As part of its work, the Canadian Council of Child & Youth Advocates has been actively monitoring what the provincial, territorial and federal governments are doing to address the issue of child and youth suicide in Canada. This report focused on integrating the diverse work on youth suicide and mental health that has been completed by members of the Council in their provincial or territorial jurisdictions.

The review of this diverse collection of work by the Council led to the identification of three broad themes that underscore the complex nature of youth suicide: Traumatic Childhood Experiences, Integration of Service, and the Right to be Heard. (The findings of this paper were also tested with various youth advisory groups to ensure the work aligned with the experiences of young people.)

It concludes with three recommendations that serve as broad calls to action (aimed at the federal government) that will begin to address the key findings of this report: (1) a fully resourced National Suicide Strategy; (2) a cross-jurisdictional, standardized, data system compiling mandatory reports of attempted and completed youth suicides; (3) meaningful and collaborative interventions in First Nations, Métis, and Inuit communities experiencing high rates of suicidal behaviour of young people.

4. Linked lives: Gender, family relations and recurrent care proceedings in England (2019)

This paper analyzes population-level administrative data from the family courts in England between 2007 and 2017 to explore the family relations between mothers, fathers, and children as they navigated repeated sets of care proceedings. Based on the analysis of population-level administrative data, the findings provide a representative typology of changes and continuity in family relations as parents appeared and reappeared before the court.

This research provides new evidence to inform the development of holistic, gender-sensitive, and father-inclusive services for those involved in the family justice system. It also reinforces the value of whole-family approaches to addressing the human and financial costs of recurrent encounters with the family justice system.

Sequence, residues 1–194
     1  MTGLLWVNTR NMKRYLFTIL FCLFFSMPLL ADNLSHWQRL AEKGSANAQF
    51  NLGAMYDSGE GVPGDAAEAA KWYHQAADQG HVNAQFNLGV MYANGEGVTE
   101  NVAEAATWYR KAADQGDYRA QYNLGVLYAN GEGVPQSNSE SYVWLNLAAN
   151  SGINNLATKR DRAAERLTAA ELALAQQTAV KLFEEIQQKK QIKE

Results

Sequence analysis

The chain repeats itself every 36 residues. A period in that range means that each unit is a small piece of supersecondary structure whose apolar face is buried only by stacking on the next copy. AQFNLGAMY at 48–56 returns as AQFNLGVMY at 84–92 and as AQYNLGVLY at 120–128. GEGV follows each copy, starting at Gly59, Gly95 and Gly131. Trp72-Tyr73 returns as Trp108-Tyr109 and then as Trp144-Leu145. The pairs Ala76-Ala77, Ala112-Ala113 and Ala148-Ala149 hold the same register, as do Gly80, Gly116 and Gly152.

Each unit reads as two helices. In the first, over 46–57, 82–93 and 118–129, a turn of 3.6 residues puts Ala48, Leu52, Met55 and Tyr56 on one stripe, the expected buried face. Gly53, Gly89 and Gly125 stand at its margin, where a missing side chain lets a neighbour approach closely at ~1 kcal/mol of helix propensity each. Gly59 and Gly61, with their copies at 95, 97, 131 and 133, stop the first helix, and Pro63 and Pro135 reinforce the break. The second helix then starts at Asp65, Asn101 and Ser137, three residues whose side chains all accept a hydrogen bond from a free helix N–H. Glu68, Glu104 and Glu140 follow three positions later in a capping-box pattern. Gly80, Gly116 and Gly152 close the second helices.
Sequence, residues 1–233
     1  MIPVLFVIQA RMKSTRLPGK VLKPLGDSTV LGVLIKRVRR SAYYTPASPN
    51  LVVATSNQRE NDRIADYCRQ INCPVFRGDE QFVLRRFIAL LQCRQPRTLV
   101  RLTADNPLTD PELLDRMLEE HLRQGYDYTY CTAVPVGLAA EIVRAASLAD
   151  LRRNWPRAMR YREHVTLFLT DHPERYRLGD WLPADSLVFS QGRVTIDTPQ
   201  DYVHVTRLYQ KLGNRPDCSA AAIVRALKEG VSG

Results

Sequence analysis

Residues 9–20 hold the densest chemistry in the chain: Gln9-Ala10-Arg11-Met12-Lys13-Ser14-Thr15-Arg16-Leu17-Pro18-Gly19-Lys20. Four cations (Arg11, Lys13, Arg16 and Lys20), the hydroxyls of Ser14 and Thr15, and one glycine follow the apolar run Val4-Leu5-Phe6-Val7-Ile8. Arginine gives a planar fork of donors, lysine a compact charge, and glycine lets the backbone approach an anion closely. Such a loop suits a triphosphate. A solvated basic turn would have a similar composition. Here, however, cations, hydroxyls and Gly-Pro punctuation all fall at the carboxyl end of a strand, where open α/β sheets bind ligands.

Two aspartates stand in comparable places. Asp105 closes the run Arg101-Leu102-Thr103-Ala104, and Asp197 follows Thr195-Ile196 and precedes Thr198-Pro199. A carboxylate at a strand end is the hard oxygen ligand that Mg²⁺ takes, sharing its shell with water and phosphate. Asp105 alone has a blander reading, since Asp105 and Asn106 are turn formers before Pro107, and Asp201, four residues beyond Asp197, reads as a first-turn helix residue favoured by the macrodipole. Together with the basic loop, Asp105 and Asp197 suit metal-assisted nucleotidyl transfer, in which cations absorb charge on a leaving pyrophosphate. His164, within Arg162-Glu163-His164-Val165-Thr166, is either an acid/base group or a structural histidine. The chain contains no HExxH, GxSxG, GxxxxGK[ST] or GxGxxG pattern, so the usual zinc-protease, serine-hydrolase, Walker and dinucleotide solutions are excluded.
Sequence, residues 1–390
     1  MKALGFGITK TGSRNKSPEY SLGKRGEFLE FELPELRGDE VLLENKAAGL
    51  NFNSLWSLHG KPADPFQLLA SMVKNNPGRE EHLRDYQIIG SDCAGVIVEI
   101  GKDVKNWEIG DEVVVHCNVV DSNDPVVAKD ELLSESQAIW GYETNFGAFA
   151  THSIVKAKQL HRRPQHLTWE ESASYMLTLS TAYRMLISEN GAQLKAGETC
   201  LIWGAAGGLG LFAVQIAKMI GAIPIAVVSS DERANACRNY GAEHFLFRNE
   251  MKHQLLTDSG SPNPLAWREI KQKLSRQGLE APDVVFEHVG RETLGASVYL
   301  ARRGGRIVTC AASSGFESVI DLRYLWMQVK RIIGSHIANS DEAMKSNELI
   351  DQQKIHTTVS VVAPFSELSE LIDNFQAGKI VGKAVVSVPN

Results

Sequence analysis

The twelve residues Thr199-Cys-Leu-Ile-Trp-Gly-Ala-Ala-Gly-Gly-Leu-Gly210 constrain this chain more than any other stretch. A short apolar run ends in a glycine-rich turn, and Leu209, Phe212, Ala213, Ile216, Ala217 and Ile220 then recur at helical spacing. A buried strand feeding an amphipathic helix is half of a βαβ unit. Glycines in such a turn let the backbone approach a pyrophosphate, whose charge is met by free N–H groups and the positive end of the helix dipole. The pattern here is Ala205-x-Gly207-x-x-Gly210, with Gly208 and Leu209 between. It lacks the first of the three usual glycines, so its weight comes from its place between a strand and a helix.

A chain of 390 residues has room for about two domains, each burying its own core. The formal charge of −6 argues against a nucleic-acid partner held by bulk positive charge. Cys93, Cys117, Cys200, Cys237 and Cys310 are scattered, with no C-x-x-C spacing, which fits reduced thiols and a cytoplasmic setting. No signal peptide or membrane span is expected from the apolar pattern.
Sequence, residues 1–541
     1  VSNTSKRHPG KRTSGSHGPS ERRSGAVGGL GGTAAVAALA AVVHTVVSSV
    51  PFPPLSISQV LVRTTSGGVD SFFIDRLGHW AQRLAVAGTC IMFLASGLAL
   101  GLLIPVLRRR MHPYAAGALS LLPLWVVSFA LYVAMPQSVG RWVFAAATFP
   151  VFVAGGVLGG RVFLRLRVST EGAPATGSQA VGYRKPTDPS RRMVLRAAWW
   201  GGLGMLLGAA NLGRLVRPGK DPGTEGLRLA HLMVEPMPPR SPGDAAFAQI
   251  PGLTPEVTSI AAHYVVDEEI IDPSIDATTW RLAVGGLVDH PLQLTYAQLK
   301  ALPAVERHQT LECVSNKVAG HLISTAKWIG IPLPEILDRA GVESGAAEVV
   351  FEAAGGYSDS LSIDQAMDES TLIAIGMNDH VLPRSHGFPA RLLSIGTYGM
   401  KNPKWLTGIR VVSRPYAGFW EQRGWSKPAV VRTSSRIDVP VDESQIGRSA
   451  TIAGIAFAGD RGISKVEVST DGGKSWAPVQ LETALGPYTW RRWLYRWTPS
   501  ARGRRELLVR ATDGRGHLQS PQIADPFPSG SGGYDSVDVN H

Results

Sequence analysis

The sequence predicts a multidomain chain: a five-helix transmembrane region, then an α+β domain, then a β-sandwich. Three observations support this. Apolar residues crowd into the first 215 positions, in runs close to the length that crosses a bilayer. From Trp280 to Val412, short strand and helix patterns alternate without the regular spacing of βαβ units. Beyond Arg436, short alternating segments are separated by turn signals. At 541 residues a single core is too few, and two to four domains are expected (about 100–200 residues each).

The authors suggest that the vicious cycle of recurrence cannot be addressed by targeting individual parents alone. Rather, it is essential to adopt a whole-family approach and acknowledge the enduring nature or re-establishment of partnership and intergenerational relations as families navigate their shared experiences in the family justice system.

5. Service providers’ initial stance toward the adoption of an evidence-based parenting program (2019)

Evidence-based health and social programs that have demonstrated significant effects in controlled environments often fail to yield expected benefits when implemented in the field. Only a few studies have assessed the factors associated with the successful transfer of skills from a training environment to clinical practice.

This paper is part of a two-year demonstration project to implement an evidence-based parenting program called Triple P. It examines service providers’ initial stance toward the adoption of Triple P and subsequent program use in the field.

From the service providers’ perspective, a team leader’s motivation, skill, knowledge, support of the program, and time to devote to the project were the most essential assets when implementing a new program.

While previous studies have focused on the role played by organizational structure and functioning in the adoption and implementation process, this study suggests that what matters most is team-level leadership that can provide them with adequate support in order to eliminate organizational barriers to implementation (e.g., poor access to supervision or peer support, and difficulties incorporating the program into existing caseloads).